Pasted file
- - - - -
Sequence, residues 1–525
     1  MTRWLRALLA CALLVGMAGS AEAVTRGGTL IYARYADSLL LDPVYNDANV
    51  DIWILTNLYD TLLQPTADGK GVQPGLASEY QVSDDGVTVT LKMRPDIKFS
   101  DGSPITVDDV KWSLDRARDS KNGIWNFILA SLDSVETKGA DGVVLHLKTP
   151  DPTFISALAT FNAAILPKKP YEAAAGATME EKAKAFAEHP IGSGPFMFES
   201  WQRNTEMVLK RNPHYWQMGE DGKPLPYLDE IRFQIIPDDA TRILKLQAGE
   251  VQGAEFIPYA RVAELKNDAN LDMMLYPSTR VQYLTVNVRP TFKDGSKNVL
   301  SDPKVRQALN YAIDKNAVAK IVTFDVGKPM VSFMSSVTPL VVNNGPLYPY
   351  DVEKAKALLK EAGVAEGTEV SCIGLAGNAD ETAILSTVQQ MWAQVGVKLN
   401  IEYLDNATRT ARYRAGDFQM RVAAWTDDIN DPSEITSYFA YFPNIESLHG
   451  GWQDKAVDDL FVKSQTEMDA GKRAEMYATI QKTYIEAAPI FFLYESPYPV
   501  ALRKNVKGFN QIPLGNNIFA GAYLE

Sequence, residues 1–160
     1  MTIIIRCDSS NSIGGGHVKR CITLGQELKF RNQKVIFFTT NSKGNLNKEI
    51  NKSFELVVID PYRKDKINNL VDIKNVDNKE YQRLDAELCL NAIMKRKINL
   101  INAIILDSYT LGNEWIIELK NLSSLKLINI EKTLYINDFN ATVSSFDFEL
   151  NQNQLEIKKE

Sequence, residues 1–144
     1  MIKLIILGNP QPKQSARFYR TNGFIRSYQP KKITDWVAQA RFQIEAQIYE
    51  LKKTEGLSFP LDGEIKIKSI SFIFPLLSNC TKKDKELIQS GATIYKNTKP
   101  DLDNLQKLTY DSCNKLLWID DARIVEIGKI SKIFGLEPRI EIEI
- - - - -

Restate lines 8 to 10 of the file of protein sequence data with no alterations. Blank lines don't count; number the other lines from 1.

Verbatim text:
   301  SDPKVRQALN YAIDKNAVAK IVTFDVGKPM VSFMSSVTPL VVNNGPLYPY
   351  DVEKAKALLK EAGVAEGTEV SCIGLAGNAD ETAILSTVQQ MWAQVGVKLN
   401  IEYLDNATRT ARYRAGDFQM RVAAWTDDIN DPSEITSYFA YFPNIESLHG